"Any idea where the coffee you drank this morning was grown? Did your orange juice come from Latin America? Were your clothes manufactured in a developing country? All of us are global consumers, purchasing items that have arrived in our stores as a. result of transnational economic interconnectedness. And most of us are also global investors: anyone who owns a share of a mutual fund is likely a part owner of some multinational corporation.
"These economic interconnections create specific responsibilities for us as consumers. According to Maimonides, the great twelfth-century scholar and codifier of Jewish law:
" 'One may not buy from a thief the goods he has stolen, and to do so is a great transgression because it strengthens the hands of those who violate the law and causes the thief to continue to steal, for if the thief would find no buyer he would not steal, as it says, "He who shares with a thief is his own enemy." ' (Prov. 2:24)
"As Maimonides articulates, when we pay for a product whose origins are unjust, we enable the injustice to continue and become tainted by the injustice. In a world in which our purchases may go through many hands before reaching ours, we are tainted not only when the seller acquires the goods in an unjust way, but also when any part of the chain of production perpetuates an injustice. For example, if a commercial coffee plantation abuses its workers, our purchase of that coffee represents a form of doing business with a thief. We ought not to be let off the hook because the thief happens to be operating behind a retailer, a domestic distributor, an importer, and an exporter. Intentionally or not, our purchase of unjustly produced goods enables the injustice to continue. And, of course, the opposite is also true: underlying this contention is that every economic transaction is an opportunity to pursue justice and, in the process, to become more just ourselves.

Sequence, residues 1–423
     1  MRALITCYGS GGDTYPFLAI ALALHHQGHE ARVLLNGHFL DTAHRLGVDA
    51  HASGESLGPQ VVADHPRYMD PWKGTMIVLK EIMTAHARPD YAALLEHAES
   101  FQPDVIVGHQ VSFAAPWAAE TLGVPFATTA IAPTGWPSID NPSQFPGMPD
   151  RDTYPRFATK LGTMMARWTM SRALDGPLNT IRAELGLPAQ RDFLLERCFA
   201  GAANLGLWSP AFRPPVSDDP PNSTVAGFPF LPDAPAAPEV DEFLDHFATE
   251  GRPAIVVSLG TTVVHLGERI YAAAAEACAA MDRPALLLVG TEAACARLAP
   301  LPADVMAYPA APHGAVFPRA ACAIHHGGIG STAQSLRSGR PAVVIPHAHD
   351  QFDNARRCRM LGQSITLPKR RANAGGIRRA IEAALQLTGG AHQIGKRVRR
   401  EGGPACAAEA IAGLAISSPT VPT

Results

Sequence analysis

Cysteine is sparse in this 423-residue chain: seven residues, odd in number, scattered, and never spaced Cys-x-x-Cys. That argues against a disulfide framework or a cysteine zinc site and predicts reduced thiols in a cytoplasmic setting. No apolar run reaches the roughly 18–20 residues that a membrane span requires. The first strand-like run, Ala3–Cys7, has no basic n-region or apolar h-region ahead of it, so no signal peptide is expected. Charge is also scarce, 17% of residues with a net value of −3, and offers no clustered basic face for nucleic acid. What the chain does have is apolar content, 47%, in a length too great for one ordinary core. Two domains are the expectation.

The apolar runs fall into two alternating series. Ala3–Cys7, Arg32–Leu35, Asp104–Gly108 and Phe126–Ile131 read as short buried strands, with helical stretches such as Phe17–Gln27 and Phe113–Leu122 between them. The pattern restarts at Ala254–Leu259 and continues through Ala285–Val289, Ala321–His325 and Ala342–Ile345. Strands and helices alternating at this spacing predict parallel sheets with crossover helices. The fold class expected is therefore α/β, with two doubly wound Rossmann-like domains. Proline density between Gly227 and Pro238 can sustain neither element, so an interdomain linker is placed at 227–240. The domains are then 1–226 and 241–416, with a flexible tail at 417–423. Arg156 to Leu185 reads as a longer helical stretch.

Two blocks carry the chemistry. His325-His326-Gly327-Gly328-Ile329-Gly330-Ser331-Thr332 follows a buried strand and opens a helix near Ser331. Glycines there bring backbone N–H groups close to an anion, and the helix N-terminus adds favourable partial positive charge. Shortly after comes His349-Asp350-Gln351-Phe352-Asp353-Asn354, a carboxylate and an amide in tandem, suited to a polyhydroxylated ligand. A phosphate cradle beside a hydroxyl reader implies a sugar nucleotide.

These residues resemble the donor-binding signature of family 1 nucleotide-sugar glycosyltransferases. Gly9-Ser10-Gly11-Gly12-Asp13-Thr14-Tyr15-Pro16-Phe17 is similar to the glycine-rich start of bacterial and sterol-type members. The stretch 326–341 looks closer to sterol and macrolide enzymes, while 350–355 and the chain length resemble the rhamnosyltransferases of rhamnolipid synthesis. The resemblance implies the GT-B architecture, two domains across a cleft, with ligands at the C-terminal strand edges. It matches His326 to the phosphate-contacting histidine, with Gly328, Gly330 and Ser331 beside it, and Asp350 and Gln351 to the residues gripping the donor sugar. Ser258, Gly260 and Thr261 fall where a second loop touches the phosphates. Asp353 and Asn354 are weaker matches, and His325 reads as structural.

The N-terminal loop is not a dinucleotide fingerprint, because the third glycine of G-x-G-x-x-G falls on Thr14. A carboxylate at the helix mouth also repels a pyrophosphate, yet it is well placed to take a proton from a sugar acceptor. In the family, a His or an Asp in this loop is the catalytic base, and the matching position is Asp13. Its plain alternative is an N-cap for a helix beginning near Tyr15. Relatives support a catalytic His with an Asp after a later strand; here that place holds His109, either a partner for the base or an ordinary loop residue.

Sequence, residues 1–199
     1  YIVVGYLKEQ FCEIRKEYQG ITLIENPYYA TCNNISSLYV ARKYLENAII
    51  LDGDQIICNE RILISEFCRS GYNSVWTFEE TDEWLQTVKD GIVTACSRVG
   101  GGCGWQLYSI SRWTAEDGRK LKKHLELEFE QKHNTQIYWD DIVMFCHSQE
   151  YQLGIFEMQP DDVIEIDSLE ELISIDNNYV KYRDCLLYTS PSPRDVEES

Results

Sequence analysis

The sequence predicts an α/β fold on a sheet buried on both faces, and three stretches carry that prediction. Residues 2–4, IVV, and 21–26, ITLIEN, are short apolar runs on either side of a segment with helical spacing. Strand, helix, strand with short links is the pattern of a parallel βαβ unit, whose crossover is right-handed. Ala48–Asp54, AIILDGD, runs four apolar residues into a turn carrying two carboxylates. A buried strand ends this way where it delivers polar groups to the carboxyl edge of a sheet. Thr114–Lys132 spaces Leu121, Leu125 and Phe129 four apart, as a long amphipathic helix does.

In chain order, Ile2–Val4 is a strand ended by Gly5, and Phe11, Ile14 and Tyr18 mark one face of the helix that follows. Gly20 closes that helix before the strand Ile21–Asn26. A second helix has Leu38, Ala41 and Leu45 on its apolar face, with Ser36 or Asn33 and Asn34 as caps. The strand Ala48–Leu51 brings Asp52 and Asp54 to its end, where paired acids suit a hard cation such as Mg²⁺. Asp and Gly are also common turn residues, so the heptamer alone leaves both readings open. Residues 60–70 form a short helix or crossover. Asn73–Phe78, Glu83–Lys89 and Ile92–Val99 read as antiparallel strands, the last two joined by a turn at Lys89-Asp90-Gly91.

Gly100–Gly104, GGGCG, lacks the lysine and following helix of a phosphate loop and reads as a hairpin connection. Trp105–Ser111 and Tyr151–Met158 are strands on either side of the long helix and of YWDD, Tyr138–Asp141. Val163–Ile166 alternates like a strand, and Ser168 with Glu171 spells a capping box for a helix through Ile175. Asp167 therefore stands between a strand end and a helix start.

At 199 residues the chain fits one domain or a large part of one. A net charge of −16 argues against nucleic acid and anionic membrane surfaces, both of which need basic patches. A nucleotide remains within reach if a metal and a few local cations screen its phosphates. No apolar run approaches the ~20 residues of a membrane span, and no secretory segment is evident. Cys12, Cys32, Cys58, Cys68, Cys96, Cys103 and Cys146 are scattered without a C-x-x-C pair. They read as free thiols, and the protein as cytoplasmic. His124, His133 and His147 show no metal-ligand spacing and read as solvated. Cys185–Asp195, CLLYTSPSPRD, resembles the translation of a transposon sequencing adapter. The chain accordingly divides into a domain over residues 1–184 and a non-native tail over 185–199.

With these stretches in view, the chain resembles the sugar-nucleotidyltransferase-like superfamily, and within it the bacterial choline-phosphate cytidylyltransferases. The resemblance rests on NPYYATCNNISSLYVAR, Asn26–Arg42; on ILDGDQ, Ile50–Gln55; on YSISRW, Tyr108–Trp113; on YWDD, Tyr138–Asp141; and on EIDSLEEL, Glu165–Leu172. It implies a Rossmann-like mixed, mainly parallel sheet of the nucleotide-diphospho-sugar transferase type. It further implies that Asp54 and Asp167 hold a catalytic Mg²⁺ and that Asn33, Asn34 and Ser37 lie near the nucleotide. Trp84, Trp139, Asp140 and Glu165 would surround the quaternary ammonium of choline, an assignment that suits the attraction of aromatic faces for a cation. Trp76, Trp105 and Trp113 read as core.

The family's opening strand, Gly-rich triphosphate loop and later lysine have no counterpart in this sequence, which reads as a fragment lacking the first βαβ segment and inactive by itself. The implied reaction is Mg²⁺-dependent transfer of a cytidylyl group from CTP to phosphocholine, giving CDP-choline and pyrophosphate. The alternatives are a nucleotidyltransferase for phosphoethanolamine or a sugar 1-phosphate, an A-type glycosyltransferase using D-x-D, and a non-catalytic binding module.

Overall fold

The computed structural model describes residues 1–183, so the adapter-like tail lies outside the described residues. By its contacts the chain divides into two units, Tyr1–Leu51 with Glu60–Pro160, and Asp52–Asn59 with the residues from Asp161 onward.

"This means that we need to investigate the origins of the goods we buy and not buy things that were produced unethically. It means that we must ensure that the products we buy are produced using fair and safe labor practices. And it means that we must invest in companies whose practices meet our standards of ethical and responsible businesses, and when appropriate, invest in the companies we criticize in order to help change their policies through shareholder activism.
"In practical terms, if the diamonds that sparkle in our jewelry are 'conflict diamonds' whose international trade fuels many of Africa's wars, we have an obligation not to buy them and instead to support conflict-free diamonds. If Central American farmers work to produce the coffee that we consume, we have an obligation to ensure that they receive sufficient income to support themselves and their families and that their worksites meet basic standards of health and safety. And if we own shares of stock in a company that funds a regime that is violating human rights, we have an obligation to pressure that company to change, and if necessary, divest from that company as a way of signaling our disapproval until such a time that the regime is no longer in violation or the company has distanced itself from the regime.
"By refraining from purchasing items that fuel strife, by committing to purchase fair-trade goods, and by making socially responsible investments, we can move along a continuum toward responsible consumption. Furthermore, the very act of making these commitments enhances both our own awareness of the consequences of our economic decisions and models socially responsible consumption to friends and peers.”